Every day, whether we like it or not, life forces us to improvise.  Sometimes the grocery store doesn’t have the key ingredient you need and suddenly you must come up with a new idea.  When you enter into daily conversations with others, you can’t fully anticipate what the other person will say to you, and you need to come up with a response quickly.  Sometimes a simple phone call can radically change your world in a way that you didn’t expect, and you need to think fast.

Jazz musicians are faced with improvisation every time they start to play.  They have to come up with music on the spot all while listening and responding to their fellow band mates. Jazz trains the brain to improvise.

Jazz teaches us to innovate.

It’s remarkable how our education system is set up to expect every individual to learn the same way.

Before a child starts going to school, they learn how to walk, they learn how to communicate, and they invent their own ways to play. They are constantly growing, inventing, improvising and creating. Suddenly they are sent to school where there are very particular parameters set in place. In a lot of ways, improvisation takes a back seat and conformity becomes the way to produce order.

Don’t misunderstand me. It’s not all bad, nor do I have any concrete solutions myself. But in a modern world where we are constantly expected to innovate and create new things, this kind of environment can be suffocating.  In a world where we are constantly trying to improve technology, come up with solutions, and make medical and scientific breakthroughs, we need to be accustomed to innovation.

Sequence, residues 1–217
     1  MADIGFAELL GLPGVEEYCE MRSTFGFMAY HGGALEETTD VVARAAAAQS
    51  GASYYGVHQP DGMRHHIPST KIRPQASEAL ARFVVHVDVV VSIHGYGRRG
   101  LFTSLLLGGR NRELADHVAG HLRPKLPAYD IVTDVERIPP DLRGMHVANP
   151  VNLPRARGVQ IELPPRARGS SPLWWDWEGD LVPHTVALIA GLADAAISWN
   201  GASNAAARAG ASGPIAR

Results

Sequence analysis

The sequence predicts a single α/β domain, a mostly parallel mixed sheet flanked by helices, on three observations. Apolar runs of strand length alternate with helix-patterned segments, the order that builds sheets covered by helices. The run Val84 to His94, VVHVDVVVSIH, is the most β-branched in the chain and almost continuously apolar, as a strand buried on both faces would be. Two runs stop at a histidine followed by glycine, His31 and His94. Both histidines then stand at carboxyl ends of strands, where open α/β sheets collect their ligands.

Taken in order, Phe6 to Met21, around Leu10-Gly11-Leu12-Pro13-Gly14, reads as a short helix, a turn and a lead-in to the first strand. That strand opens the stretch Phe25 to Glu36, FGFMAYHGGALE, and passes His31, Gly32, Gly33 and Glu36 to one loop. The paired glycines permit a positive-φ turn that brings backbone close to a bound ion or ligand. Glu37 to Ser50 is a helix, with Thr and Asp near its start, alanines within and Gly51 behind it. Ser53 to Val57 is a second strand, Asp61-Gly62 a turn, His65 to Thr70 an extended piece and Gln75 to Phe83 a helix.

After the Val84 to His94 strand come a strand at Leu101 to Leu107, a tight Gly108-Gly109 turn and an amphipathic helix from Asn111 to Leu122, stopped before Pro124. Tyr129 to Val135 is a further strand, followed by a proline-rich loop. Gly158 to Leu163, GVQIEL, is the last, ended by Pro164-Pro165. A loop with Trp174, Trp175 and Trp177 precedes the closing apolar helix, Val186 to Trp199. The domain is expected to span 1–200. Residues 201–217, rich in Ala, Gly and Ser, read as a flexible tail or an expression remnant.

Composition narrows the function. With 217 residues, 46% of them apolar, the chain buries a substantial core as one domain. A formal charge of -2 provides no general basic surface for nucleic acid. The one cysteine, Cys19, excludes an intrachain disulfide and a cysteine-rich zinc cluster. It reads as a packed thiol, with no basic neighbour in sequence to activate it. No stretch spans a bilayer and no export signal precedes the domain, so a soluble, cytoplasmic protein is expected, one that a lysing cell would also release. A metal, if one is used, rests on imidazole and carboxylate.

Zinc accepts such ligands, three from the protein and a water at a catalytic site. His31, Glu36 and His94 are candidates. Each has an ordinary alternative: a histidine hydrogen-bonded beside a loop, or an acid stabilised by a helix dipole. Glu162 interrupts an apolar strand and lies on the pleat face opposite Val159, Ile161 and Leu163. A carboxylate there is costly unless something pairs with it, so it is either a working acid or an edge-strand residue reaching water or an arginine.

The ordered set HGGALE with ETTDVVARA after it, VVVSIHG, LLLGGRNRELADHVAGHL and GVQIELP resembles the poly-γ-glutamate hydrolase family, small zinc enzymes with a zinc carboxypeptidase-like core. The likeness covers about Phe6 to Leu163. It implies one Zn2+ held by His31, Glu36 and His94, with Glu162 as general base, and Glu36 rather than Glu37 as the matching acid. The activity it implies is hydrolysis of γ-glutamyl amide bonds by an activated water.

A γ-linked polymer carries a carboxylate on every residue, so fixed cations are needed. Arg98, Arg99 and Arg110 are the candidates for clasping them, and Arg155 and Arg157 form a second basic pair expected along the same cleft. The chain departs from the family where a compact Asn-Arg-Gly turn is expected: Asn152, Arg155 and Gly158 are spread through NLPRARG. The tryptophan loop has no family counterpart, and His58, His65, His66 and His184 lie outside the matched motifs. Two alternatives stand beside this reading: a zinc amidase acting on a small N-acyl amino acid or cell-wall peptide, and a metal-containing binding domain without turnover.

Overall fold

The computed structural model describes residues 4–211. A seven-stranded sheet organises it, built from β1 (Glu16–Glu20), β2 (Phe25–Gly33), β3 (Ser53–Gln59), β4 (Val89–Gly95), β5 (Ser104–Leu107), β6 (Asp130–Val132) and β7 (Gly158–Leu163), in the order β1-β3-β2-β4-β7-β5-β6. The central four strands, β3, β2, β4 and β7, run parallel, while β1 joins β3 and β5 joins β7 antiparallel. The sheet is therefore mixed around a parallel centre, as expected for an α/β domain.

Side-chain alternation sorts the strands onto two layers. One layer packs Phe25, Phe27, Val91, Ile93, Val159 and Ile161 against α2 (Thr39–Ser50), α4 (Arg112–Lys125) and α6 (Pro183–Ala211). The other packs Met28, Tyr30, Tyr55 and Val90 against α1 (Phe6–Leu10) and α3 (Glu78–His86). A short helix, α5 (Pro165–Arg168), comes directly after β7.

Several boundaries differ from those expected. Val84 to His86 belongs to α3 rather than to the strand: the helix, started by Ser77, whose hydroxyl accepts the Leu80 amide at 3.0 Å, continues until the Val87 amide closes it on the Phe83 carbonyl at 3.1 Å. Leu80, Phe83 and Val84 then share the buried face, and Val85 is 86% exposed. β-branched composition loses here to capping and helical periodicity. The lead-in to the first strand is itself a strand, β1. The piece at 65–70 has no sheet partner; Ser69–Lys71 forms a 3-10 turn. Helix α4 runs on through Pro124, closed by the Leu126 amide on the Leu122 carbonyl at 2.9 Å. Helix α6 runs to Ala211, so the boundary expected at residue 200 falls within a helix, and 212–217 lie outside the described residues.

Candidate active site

Jazz music forces one to innovate. When a jazz musician takes a solo, they must come up with new ideas on the spot without hesitation. They can’t be afraid of what happens if they go down one road versus another. They must boldly and unashamedly create! Sometimes this means that the rules must be broken.

As a professional jazz musician, I improvise a lot.  I’ve logged many hours improvising in numerous different settings. At least 95% of the time, I am quite unimpressed with what I play, but then every once in a while something brilliant comes out. When it happens, I can’t believe it. I don’t know where it came from, it just happened! It’s in these moments that I understand the importance of struggling to innovate over and over again.

Jazz teaches us that everyone’s voice is equal.